hello. well, 0ctober has finished on the same note that much of the month has continued on, a very mild one. but things will change through the rest of this week. notice how the warmer orange colours start to disappear on our temperature chart. the whites, and then the blues indicate temperatures at, if not below average, the first time we have seen that in a while, as we go towards the end of the week. so, that gradual trend turns to things turning cooler, but with it still some further spells of rain and also much windier at times. a windy night will take us into the first day of november across the english channel coasts, that is on the southern edge of that area of low pressure, which is easing away, with it the heavy overnight rain to start the day. still a bit wet across parts of scotland, north eastern england, a few showers in the south and west, and it will be a case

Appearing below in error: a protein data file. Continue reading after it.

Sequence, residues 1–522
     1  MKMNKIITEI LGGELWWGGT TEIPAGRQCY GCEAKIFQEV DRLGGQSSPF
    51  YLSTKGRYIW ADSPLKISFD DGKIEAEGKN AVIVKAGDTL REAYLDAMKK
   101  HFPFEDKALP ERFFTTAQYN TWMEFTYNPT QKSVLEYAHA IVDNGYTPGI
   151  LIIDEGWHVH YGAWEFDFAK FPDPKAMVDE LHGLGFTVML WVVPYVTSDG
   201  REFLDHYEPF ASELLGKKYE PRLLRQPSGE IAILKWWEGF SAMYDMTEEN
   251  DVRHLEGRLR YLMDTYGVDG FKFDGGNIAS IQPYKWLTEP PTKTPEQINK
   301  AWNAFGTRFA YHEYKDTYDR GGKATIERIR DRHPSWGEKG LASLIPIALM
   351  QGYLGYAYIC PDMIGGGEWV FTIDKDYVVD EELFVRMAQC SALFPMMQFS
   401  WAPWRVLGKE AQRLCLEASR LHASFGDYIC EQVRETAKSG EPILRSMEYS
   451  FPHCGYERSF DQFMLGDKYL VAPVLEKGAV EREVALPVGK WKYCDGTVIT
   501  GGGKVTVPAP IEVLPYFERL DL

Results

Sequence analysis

of morning changing skies across england and wales as some brighter moments are punctuated by occasional showers. and then the showers become more frequent, heavy and thundery across southernmost counties and into the midlands and wales later on. brightening up across much of scotland through the day, southern scotland, northern england and actually northern ireland after some morning rain, nota bad afternoon, plenty of sunshine around. the winds easing here, but strong to gale force winds continue across the south, making it a cooler day than we have seen, but still with temperatures a degree or two above where we should be for the first stage in november. then into tuesday night, showers quite widely to begin with, easing temporarily in the west, only ahead of this approaching area of more persistent rain into northern ireland by dawn. because we will see those clearing skies, light winds for a time, but it will be a cooler start on wednesday morning, a bright start for many, but this developing area of low pressure could bring a bit of travel disruption through the day across some northern and western areas. the day starts off fine for much of scotland, england, eastern wales, but cloud, outbreaks of rain will gradually push their way eastwards, heavy at times, some squally winds with it, maybe some parts of eastern